Thanks for calling in guys. Im afraid Im no Hamish MacInnes although I did run around the hills with his cousin in my younger days... so we have met. Im just an old man and the sea..trying my best to land a fish before I die .....
Eilean Dubh Mor looked very suitable for a wild camp. There is a large grassy area above the smooth stoned sheltered beach.
On the other side of the grass area in another stone beach pointing in the opposite direction from the one I landed on..so has multiple possibilities ..depending on the direction of the wind. If the south shore of Belnahua proves a bit tricky to leave boats overnight..this is an alternative spot
Some research has found that the outward bound centre on Lunga sometimes drops kids off on this island to rough it and fend for themselves for a few days. They normally go to the caves and we probably would not see them. They build a flag pole and fly a flag if they are on the island..so we would know they were there.
Relaxed after lunch and warmed in the sun..we got back on the boat and started heading north leaving Lunga and Eilean Dubh Mor behind in our wake.
The weather gods were kind to us.. the wind dropped to nothing..and the sea turned to a mill pond. Far in front we could see the lighthouse of Fladda.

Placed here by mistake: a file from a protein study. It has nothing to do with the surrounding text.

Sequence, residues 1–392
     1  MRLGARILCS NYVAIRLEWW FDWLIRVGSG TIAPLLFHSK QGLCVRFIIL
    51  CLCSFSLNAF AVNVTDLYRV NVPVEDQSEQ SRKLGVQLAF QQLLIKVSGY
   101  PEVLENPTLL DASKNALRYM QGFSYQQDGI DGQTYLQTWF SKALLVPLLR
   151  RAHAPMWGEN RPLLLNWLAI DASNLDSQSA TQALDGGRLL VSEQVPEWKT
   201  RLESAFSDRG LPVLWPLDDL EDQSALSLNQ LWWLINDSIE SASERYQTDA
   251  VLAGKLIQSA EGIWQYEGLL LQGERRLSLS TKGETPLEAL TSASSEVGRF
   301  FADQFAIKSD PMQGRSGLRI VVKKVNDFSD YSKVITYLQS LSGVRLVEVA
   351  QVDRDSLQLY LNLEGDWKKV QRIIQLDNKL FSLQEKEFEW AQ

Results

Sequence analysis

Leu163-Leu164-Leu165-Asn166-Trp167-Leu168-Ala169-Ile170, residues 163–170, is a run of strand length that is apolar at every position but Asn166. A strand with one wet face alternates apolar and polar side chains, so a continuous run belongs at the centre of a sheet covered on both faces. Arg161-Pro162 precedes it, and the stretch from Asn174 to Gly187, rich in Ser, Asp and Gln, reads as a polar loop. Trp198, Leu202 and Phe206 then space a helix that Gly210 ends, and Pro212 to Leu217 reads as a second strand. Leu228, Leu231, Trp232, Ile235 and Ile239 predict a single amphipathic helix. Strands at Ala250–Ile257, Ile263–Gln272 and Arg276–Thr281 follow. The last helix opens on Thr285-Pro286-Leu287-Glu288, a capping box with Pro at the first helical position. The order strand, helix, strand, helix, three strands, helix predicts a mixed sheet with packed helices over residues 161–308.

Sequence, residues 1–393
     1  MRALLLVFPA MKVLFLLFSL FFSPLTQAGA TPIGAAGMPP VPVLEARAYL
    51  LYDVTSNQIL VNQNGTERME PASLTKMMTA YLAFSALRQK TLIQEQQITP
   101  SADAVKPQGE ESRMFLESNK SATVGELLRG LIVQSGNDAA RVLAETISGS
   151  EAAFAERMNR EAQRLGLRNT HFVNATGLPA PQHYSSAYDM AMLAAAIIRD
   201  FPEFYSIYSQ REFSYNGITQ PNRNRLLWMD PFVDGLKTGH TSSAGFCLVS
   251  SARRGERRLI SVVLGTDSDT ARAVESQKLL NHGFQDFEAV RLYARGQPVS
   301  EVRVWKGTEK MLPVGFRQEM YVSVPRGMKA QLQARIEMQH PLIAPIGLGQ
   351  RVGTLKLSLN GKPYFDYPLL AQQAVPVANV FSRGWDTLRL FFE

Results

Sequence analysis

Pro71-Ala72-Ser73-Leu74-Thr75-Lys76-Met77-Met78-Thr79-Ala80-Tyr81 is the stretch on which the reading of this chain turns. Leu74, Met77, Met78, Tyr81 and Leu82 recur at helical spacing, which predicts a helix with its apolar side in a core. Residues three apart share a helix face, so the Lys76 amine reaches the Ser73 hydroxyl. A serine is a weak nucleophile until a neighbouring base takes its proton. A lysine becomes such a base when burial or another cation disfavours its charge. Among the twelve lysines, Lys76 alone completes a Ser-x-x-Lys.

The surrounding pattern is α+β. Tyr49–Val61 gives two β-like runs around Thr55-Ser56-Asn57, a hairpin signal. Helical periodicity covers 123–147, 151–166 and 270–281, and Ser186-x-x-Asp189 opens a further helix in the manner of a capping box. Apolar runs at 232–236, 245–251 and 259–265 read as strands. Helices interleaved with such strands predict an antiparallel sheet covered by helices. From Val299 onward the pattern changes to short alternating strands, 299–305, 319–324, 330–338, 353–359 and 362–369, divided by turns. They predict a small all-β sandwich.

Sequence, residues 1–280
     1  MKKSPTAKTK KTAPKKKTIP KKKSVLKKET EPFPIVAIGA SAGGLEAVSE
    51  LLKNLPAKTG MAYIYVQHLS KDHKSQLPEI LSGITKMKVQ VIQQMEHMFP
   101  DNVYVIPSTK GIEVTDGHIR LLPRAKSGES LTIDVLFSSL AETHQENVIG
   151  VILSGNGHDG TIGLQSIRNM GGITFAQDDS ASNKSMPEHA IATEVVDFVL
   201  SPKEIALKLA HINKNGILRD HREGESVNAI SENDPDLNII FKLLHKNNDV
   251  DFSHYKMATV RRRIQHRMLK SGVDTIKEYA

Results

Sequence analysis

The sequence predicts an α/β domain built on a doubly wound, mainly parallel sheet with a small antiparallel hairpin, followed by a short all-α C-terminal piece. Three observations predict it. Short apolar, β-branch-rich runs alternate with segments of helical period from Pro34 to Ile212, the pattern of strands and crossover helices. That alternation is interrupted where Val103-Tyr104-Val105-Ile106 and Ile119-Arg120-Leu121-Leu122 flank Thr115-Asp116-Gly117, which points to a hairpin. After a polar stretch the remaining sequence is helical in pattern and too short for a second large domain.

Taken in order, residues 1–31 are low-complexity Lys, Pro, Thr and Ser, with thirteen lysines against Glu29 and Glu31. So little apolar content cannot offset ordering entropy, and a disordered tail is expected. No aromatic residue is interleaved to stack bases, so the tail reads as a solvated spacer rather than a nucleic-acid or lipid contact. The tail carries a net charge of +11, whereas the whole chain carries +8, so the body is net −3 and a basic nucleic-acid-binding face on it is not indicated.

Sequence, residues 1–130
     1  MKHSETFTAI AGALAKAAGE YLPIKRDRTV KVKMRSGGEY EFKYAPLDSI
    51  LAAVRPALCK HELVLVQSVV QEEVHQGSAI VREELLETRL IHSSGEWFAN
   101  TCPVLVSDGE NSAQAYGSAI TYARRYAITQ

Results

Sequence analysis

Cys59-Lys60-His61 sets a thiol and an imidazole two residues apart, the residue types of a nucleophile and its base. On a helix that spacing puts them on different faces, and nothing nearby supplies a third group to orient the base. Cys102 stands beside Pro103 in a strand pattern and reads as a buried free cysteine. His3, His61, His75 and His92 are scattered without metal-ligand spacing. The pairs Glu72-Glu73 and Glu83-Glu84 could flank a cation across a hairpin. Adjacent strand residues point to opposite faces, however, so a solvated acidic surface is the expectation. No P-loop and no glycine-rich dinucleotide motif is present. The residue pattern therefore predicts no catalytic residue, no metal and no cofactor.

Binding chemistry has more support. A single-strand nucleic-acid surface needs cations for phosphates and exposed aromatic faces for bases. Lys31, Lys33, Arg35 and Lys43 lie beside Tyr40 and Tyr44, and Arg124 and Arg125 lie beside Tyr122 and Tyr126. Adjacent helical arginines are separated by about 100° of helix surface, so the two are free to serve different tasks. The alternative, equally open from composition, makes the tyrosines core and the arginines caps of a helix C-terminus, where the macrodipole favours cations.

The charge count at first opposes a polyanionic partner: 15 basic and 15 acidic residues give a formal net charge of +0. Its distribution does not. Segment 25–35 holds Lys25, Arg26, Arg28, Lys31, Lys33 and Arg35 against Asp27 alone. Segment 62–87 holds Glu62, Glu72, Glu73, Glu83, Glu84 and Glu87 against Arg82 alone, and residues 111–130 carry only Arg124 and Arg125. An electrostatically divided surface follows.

We could also see the dark streak of the tide race running across our path once again.
This time there was not any dancing waves.. just a silent swirl .. the SIB felt nothing as we slide easily across. Belnahua and the distant island of Mull looked very inviting from this angle.
Soon we were passing Fladda and its lighthouse. I knew we were now in far kinder waters. We had just touched on a few of the most treacherous channels and tidal flows in the UK.. but pick the day and watch the weather..and you are rewarded with views of truelly stunning seascapes and scenery.
A passing note for other small SIBbers if you venture here on your own. On our journey never saw another boat since Easdale. The handheld VHF didn’t pick up many comforting messages from coast guard or other boats. Range I suspect is often too short among the rocky islands but I didn’t try transmissions. Water depth is 100ft or so but an anchor in a tide race is as much use or as dangerous on a small SIB as rubber oars.
My most valuable safety item is the Auxiliary engine.. don’t go on your own..without one. Granted.. it wont get back to Ganavan or fight the strong tides..but I know it will ferry glide the SIB across the currents and get to the nearest landing spot..where I wont drown..and hopefully be rescued before I starve to death.
It is worth practising using the Aux engine too..Kayakers practice self rescue.. mountaineers practise self rescue.. small boats should do it too.. but how many actually do ? My opinion only of course.. others can disagree if they wish
On the Scottish SIB outing..there will be other boats to assist if problems occur ..so an Aux is not a necessity them
I will continue the journey back to Ganavan..with some more sight seeing photos.. shorty.